The Wall Street Journal Sunday's last publication was on February 8th, 2015. It is sad to see such a fine publication cease to exist. The WSJ Sunday had provided many years of sound investing advice to the average investor.
The WSJ published its first issue on September 12, 1999. Each Sunday it provided a variety of articles covering issues ranging from developments in the stock market to how to choose investments wisely. It was a supplement to newspapers across the United States.
One of the main focuses was on teaching the average investor to handle their own finances. Much emphasis was put on how to build a successful portfolio yourself. The reader could learn how to prepare for retirement, what mutual funds to choose, and how taxes would affect you. From week to week, topics could include family issues related to spending and children or issues related to homeownership.
The writers, columnists, and editorial staff did a great job bringing issues to light in a direct and comprehensive way. I, personally, learned a lot through reading The WSJ Sunday. I will miss it. Two of my favorite columnists wrote for The WSJ Sunday: Jonathan Clements and Brett Arends. They always gave sound advice. Most of this advice was geared towards keeping costs low and maintaining a simple investing life.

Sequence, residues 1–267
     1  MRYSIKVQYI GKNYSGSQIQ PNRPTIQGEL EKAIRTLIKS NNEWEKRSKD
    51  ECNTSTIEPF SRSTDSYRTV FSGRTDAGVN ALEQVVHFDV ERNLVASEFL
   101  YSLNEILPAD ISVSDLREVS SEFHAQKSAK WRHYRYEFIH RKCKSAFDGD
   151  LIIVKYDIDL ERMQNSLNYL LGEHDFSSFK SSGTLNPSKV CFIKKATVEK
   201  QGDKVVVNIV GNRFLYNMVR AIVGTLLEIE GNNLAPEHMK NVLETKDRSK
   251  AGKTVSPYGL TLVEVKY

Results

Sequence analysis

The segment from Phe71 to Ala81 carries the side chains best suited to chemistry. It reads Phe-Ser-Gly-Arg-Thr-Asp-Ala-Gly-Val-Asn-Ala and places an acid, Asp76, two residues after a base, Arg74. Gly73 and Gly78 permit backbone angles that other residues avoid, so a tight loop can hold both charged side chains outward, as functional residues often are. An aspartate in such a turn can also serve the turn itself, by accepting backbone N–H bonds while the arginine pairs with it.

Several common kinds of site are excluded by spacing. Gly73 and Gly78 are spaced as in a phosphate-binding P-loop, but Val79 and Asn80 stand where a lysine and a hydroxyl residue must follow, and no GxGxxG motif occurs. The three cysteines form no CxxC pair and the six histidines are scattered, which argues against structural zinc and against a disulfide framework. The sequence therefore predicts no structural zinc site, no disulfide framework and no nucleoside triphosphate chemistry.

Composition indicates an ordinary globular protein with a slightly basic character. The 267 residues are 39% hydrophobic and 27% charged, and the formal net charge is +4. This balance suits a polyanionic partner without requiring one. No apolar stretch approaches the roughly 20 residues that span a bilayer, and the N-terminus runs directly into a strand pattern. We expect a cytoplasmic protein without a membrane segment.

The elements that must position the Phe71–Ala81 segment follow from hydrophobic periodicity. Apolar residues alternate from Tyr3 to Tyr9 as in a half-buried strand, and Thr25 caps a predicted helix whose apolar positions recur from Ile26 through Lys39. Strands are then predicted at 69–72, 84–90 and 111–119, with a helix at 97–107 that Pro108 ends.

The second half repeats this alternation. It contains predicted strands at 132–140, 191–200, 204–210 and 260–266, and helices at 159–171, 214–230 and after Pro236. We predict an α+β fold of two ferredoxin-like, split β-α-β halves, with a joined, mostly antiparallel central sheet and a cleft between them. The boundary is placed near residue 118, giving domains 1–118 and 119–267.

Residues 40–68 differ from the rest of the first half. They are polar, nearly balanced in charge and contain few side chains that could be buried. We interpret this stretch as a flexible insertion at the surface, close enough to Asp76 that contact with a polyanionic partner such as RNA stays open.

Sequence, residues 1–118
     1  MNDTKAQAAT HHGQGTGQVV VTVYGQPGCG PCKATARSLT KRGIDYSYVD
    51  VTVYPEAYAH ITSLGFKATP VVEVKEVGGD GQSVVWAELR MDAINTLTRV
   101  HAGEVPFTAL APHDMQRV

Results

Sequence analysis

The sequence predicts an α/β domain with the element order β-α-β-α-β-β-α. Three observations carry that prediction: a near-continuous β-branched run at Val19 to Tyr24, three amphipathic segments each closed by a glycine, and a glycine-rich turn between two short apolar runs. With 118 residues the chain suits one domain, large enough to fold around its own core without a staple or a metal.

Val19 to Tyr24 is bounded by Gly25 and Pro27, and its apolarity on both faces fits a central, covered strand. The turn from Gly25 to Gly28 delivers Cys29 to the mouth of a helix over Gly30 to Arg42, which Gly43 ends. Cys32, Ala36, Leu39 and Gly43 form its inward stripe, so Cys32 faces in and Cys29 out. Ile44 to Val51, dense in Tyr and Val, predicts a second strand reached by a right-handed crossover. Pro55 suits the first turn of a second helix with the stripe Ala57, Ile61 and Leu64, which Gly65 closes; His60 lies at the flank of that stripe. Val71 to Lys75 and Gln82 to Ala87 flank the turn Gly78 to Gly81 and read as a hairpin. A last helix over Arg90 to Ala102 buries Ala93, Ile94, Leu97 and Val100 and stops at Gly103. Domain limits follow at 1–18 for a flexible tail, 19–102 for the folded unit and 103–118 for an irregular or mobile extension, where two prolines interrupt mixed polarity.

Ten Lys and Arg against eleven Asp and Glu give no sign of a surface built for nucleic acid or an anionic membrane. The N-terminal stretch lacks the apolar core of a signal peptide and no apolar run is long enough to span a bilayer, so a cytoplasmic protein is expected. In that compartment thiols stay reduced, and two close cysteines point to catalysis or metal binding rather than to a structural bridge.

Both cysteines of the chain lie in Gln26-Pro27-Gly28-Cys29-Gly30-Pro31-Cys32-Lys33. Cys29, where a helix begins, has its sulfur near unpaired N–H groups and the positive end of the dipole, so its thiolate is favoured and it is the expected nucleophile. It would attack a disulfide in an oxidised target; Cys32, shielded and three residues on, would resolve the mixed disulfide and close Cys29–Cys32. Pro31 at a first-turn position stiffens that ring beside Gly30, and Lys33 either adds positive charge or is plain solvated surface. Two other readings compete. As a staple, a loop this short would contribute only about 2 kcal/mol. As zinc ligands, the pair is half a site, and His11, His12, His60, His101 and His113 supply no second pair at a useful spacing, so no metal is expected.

Sadly, the main reason The WSJ Sunday cited for ending publication in their goodbye letter was the drop off in advertising revenue. This is an issue that has seen many other newspapers close their doors. With the advent of digital media, newspapers have not been able to hold onto readers. Advertisers have moved to other venues in search of an audience.
For the younger generation, this may not seem too problematic. To those of us a little older, we remember the pleasure of a Sunday morning leisurely reading a newspaper. Times change and we have to change with it. In this case, we move on with one less fine source of investing advice.
There are many online sources that will try to replace The WSJ Sunday. We can only hope that they do as good a job. It will be one tough act to follow.
So here is a tribute to The WSJ Sunday: Thank you for all the years of enlightening personal finance and investing information. You will be missed. May all your columnists and hard-working staff enjoy success in the future. It has been a pleasure to read your publication all these years.